The climate change denial lobby has become so politically influential that President Obama has been avoiding the topic. Obama had anticipated last spring that he would soon be obliged by political pressure to talk about global warming. That hasn’t happened. In an April 2012 Rolling Stone interview he had said, “I suspect that over the next six months, this is going to be a debate that will become part of the campaign, and I will be very clear in voicing my belief that we’re going to have to take further steps to deal with climate change in a serious way.”
The deniers seek to delay a united government policy response, which would mean abandoning trillions of dollars worth of investments tied to a world built with cheap energy. Here Naomi Wolf discusses the past focus on global warming denial:
As the U.S. faces record drought and an Old Testament-level pestilential heatwave in the midwest, American environmental denialism may be starting to change. The question is: is it too late?
America has led the world in climate change denial, a phenomenon noted with amazement by Europeans, not to mention thinking people around the world. Year after year, the U.S. has failed to sign global treaties or curb emissions, even as our status as a source of a third of the world’s carbon emissions goes unchanged.
It is fairly well-known what has been behind that climate change denial in America: vast sums pumped into an ignorance industry by the oil and gas lobbies. Entire think-tanks to obfuscate man-made climate change have been funded by these interests, as have individual congressmen and women.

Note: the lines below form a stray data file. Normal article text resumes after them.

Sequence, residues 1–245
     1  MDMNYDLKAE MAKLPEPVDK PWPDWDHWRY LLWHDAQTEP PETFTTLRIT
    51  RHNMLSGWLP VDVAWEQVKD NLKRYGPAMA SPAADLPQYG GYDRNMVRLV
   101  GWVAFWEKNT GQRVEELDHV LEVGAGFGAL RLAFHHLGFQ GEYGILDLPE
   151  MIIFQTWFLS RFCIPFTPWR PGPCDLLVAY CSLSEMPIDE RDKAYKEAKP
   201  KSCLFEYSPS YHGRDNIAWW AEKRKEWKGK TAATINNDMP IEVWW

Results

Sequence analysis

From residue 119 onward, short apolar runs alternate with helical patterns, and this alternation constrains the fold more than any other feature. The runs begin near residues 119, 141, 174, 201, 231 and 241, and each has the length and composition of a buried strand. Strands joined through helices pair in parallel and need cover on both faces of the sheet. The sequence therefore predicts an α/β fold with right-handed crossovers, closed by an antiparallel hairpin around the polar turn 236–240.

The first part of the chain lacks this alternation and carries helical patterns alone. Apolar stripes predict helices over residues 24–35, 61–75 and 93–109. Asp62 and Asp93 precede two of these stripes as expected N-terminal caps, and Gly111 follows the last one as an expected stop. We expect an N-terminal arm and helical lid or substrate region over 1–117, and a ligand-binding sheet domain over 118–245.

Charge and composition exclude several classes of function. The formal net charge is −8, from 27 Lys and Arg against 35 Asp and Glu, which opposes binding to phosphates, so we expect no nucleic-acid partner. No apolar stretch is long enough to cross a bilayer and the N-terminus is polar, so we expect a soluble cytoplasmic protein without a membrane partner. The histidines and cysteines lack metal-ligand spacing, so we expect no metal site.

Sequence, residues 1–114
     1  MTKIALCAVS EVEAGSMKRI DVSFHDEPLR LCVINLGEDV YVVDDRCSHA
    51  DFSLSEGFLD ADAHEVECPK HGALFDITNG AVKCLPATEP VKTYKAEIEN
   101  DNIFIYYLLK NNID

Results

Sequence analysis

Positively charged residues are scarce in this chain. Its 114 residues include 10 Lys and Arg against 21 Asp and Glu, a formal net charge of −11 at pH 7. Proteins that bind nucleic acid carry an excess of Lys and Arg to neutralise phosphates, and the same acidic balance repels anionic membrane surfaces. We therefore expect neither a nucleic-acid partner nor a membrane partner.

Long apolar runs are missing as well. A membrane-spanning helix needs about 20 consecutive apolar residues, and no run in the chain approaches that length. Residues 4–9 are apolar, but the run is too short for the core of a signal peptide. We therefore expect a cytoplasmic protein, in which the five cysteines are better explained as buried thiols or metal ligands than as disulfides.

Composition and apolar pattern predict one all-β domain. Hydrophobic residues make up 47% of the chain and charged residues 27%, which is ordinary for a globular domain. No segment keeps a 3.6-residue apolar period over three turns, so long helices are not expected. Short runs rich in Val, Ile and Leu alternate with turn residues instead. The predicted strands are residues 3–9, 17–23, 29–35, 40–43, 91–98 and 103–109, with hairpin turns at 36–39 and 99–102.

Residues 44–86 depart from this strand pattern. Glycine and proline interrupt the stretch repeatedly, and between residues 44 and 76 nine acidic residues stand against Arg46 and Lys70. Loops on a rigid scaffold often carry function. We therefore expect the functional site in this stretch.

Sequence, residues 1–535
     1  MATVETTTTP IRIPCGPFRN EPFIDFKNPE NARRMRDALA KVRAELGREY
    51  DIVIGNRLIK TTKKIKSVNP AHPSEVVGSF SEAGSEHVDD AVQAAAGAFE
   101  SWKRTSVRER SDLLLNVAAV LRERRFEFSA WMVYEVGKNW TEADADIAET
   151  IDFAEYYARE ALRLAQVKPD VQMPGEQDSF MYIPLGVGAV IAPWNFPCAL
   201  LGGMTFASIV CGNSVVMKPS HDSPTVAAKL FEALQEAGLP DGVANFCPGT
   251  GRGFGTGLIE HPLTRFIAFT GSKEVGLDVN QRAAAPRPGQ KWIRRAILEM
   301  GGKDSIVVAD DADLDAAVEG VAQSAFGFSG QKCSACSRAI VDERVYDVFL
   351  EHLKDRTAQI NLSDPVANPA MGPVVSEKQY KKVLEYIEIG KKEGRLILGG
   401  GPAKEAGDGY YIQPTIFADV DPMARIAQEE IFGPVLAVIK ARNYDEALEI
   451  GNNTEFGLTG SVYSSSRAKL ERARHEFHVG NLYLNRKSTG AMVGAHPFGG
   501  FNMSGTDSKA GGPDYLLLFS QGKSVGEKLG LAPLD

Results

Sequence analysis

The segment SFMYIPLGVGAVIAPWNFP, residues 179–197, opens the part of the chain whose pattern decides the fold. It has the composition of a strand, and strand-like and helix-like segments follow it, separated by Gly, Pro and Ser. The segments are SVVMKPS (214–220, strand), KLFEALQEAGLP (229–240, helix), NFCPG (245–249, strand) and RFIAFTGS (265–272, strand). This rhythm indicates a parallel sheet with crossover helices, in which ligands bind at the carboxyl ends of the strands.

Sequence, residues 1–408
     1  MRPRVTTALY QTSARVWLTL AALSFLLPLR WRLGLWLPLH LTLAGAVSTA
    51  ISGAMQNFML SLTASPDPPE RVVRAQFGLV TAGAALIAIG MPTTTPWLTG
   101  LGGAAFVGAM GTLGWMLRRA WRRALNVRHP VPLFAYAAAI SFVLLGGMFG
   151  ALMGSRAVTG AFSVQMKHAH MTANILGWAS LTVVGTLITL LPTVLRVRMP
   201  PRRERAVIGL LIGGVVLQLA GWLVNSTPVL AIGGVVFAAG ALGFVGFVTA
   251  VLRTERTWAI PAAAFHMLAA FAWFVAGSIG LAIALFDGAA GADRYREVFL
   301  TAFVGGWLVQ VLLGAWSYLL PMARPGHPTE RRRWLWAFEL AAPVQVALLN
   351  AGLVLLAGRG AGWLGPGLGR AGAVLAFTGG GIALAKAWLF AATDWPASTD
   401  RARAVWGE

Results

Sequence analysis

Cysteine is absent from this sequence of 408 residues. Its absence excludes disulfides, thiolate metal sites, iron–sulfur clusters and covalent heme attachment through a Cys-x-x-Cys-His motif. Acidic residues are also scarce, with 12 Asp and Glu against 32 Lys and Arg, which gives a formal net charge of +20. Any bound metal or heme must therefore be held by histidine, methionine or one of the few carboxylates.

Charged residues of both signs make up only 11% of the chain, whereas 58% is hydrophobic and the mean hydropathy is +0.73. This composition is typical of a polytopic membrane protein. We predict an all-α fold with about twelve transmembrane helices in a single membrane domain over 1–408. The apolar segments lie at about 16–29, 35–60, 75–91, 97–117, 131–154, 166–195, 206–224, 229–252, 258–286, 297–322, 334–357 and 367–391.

A recent book documents the reach of the science denial lobby, showing how it extends well beyond climate change:
In their new book, Merchants of Doubt, historians Naomi Oreskes and Erik Conway explain how a loose-knit group of high-level scientists, with extensive political connections, ran effective campaigns to mislead the public and deny well-established scientific knowledge over four decades.
In seven compelling chapters addressing tobacco, acid rain, the ozone hole, global warming, and DDT, Oreskes and Conway roll back the rug on this dark corner of the American scientific community, showing how the ideology of free market fundamentalism, aided by a too-compliant media, has skewed public understanding of some of the most pressing issues of our era.
Recently the science deniers have gone on the offensive. ClimateDepot has it all: peak oil denial, climate change denial, and denial of any limits to growth. Climate Depot is sponsored by CFACT, Committee for a Constructive Tomorrow, which has teams of paid organizers, starting chapters at college campuses across the USA.
2. Population growth in the face of peak food per capita
The gradual increase in global population to a current global level of about seven billion has been, by its nature, exponential, with a big acceleration during the last several hundred years, based on cheap fossil fuel energy. Even a slow but exponential growth in population must reach a limit at some point, historically a limit marked by periodic famine.
High agricultural output is in various ways tied to the the cheap energy which is now running short. In the absence of other limits, and especially in the context of global warming, food production tends to be erratic and has now nearly reached the limits of arable land globally available. Since food, and grain in particular, is now widely traded as an international commodity, global shortages tend to be more manageable by means of the richer countries which are able to outbid the poorer countries.
We saw a 2008 global food price spike related to the oil price spike, which led to a global outbreak of food riots. Current food price indexes are again approaching the levels that caused earlier unrest. The result is that a combination of worse global warming and a high price for oil tends to be reflected in rising food cost, which expresses itself through food riots and political unrest which Michael Klare terms “hunger wars”.